Confusingly, peeps are reporting that the Dalai Lama approves.

Remember the little girl who lost a leg saving her sister’s life?

Gossip Girl cosigns domestic violence.

From Gabbie:

You know, the more I read about the effects of free speech in the US, the more I think it does more harm than good. The first link is about the ‘right’ for users to watch porn in public libraries, even in spaces where children can see, and the second is about tea party lobbyists suing for being thrown out of a library for being too aggresive in their leaflet campaign.

This is what a feminist looks like.

Idris Elba talks about racism in fandom.

How is a rape exam not medically necessary?

From Ara:

I just feel like this needs to be brought to Hathor’s attention since they’re trying to make abortion illegal again through roundabout means

From Casey:

I got this link from Shakesville, the cheerleader who refused to cheer for the basketball player who raped her is being charged $45,000 for filing a “frivolous” lawsuit against her school.

Can anyone tell me the deets of a fund or something to help her pay for this? I want to signal boost the crap out of it.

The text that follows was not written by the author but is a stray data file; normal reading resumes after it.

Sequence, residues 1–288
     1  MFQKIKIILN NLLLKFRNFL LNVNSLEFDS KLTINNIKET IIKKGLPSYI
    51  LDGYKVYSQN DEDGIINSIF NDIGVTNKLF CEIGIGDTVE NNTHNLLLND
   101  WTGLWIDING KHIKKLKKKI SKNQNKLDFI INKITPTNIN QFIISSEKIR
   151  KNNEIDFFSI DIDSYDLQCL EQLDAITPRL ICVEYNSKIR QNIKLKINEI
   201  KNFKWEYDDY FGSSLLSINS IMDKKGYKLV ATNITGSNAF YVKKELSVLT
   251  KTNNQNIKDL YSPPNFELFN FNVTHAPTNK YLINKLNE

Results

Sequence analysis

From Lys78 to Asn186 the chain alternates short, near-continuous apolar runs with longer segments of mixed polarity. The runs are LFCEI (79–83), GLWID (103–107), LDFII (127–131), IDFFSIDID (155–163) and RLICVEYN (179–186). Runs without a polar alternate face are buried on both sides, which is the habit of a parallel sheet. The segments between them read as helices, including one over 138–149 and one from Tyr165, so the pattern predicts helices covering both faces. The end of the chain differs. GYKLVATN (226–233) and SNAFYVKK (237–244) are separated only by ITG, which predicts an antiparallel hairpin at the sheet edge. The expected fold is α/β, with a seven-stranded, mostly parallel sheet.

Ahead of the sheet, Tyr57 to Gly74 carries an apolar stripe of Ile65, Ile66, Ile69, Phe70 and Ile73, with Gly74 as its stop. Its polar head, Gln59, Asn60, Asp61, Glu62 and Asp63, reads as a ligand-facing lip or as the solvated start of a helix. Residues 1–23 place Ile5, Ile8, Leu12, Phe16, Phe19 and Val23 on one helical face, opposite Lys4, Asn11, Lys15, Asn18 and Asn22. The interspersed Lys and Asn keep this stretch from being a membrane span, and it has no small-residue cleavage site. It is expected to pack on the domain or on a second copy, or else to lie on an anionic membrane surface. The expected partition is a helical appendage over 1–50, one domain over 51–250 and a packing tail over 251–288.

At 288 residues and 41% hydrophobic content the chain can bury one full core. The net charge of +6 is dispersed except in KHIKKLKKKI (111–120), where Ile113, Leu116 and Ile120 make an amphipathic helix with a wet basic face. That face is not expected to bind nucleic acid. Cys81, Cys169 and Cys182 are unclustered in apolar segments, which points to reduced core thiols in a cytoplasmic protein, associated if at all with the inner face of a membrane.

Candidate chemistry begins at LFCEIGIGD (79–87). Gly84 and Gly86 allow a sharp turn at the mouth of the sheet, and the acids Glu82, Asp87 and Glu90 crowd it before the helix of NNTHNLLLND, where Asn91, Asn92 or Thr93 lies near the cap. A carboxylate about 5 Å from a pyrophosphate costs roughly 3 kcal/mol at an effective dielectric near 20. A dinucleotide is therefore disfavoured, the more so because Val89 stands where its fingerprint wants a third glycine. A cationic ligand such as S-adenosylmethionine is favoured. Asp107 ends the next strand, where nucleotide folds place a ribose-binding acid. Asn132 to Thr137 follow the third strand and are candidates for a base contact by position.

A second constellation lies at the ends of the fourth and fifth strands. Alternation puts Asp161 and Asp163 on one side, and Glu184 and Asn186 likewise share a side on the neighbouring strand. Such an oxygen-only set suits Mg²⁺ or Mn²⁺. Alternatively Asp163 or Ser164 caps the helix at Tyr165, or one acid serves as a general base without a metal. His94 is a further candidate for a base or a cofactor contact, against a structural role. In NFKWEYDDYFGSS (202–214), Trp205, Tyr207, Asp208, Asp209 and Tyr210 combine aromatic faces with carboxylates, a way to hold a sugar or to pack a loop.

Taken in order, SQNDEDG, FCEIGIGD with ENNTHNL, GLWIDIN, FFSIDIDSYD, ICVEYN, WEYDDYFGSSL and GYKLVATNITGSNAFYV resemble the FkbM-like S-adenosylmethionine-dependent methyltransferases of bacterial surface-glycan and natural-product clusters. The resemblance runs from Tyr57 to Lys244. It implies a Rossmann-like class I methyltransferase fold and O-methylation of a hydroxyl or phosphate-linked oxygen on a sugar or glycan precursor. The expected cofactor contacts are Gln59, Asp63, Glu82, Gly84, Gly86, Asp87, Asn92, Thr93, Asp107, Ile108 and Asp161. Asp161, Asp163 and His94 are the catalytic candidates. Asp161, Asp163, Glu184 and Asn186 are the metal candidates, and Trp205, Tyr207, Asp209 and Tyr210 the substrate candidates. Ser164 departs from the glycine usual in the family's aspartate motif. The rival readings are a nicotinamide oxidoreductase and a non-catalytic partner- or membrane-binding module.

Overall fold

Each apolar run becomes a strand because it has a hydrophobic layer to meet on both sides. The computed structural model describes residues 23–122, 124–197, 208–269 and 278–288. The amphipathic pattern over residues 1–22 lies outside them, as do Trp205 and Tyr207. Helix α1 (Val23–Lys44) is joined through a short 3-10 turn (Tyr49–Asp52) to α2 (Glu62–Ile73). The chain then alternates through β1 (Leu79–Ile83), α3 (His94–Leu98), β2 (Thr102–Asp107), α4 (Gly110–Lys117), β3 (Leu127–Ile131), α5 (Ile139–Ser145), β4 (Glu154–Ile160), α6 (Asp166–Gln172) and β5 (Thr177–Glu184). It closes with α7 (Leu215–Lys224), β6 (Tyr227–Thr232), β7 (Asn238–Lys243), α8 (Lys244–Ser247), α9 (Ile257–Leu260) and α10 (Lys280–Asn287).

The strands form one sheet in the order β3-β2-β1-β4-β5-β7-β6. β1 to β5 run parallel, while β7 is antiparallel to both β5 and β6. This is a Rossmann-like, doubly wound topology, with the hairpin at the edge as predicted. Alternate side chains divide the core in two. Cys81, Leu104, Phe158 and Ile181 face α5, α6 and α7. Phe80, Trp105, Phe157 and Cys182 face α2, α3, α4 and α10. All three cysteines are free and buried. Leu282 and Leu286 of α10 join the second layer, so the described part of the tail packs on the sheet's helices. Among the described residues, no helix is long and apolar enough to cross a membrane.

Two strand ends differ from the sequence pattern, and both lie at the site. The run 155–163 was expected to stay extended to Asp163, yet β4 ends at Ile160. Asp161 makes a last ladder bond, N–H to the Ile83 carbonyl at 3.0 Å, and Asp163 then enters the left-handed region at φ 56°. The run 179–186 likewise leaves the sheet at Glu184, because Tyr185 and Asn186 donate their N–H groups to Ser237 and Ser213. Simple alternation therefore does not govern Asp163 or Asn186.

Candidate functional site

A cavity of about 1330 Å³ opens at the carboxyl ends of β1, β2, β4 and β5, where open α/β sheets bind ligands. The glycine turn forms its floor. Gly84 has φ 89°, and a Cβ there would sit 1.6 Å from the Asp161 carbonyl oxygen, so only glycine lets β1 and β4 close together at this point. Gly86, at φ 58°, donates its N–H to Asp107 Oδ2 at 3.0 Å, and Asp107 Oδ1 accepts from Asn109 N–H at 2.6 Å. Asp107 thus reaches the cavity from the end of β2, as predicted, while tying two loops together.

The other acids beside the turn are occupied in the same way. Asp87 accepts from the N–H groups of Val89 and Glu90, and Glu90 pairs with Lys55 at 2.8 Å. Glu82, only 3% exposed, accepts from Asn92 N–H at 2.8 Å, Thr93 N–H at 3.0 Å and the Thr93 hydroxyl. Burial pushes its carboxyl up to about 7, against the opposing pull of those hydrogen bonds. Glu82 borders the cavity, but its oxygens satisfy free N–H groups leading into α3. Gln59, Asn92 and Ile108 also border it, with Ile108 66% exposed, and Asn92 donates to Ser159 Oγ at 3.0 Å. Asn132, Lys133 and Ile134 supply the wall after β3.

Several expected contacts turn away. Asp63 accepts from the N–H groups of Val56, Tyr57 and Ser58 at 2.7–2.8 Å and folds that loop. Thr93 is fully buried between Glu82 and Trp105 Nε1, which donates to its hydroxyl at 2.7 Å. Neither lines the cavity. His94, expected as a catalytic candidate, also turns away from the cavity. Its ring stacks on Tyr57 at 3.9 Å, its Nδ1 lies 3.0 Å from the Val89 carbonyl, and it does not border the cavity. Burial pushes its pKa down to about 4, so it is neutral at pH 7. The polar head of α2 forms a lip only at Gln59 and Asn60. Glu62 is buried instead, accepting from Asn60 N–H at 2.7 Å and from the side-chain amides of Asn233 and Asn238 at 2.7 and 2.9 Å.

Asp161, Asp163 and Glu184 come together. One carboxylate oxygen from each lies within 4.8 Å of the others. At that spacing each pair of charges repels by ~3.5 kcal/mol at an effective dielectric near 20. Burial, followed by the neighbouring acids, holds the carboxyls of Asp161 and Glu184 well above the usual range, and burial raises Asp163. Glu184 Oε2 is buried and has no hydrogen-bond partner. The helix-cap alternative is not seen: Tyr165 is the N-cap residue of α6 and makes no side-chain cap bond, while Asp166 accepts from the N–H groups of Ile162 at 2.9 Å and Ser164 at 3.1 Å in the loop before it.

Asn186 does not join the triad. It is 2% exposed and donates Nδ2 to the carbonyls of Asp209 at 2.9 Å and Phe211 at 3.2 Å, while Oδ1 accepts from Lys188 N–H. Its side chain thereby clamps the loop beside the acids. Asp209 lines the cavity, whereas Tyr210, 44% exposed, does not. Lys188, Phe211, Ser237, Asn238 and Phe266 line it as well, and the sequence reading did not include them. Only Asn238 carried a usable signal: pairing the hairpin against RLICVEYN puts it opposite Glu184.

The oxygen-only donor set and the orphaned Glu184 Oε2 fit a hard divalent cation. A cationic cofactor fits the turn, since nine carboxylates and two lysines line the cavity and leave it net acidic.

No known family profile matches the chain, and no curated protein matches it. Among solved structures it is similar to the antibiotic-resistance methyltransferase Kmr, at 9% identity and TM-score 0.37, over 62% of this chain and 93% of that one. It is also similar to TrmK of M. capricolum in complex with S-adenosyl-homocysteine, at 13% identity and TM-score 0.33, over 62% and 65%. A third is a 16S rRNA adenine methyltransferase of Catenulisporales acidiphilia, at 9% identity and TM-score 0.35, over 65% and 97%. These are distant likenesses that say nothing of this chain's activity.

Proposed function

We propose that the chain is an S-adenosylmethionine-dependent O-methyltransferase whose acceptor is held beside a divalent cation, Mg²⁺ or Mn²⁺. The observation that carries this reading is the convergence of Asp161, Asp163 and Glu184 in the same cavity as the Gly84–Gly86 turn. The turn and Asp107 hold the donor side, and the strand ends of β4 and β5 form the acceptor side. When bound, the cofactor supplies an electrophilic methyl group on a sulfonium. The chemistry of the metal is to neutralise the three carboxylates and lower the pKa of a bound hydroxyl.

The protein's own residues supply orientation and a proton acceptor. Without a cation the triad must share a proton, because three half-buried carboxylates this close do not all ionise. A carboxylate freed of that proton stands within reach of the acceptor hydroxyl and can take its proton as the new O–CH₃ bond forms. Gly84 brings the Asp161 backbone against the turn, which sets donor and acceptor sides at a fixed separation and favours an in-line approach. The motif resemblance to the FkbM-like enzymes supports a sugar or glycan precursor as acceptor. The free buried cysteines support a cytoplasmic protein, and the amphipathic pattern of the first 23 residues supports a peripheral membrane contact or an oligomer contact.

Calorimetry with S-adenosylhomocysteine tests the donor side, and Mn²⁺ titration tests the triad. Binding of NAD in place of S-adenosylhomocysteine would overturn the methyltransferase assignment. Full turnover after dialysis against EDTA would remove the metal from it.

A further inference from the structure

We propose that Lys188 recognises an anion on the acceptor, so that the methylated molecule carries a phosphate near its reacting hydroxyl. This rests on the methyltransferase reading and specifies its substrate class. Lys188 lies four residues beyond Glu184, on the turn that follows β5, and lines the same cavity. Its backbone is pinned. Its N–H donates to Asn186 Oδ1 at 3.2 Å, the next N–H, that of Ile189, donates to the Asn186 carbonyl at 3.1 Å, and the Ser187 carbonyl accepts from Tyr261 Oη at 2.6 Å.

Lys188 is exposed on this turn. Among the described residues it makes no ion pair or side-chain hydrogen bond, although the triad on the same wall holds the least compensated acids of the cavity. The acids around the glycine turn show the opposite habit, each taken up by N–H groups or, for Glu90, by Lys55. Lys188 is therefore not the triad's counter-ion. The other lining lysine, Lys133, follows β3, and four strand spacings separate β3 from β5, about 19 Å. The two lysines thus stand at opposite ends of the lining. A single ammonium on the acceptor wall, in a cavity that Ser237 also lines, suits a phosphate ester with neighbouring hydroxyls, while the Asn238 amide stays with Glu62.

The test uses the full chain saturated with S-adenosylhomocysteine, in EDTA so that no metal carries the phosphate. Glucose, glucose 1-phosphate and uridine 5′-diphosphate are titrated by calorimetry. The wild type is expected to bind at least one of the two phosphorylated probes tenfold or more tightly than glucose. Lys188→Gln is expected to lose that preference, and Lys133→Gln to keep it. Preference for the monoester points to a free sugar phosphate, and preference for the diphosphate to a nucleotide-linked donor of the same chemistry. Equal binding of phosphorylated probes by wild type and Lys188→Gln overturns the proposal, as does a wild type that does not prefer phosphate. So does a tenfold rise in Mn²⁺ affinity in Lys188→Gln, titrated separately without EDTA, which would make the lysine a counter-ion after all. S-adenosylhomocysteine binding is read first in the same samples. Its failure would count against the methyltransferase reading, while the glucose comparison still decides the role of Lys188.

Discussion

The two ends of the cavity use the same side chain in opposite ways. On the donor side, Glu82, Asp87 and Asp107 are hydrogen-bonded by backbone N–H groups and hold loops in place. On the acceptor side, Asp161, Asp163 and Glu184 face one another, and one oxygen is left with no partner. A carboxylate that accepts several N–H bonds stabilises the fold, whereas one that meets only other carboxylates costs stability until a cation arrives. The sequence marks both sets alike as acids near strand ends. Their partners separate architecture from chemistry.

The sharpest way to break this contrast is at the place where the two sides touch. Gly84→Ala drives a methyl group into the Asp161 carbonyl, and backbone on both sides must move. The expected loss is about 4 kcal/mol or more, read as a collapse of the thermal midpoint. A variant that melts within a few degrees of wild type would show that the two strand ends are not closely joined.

1. Attackfish says

    About racism in fandom, I write and read fic for Avatar: the Last Airbender, and even when the source material is so freaking fantastic on the race and gender front, I still had to give up reading almost all fic in the most popular pairing, Zuko/Katara, partly because most of them read like bad old fashioned romance novels, with the domineering but suave man and the feisty but lost woman, which is wildly OOC, and the fact that there is so much hatred of Zuko’s canon love interest, because she’s the girl in the way (and apparently she has a “man face” whut.) but also because Katara, whose people are based on Artic tribal groups, and are darker than the other nations is constantly described as an “Exotic Beauty”. Well, as far as she’s concerned, Zuko’s the exotic one! Its worst when the story’s supposed to be from her point of view and she’s an exotic beauty, over and over and over. No no no.

  2. oneiriad says

    About Idris Elba and racism in fandom. Speaking as a life-long fan of original Norse myth, I find that at least here it’s easy to spot the racists: if they quote the Edda as a reason against the casting, but does not at the same time bitch about, at the very least, Thor’s haircolour, the absence of goats and the inexplicable genderswitching of Loki’s mother Laufey, well…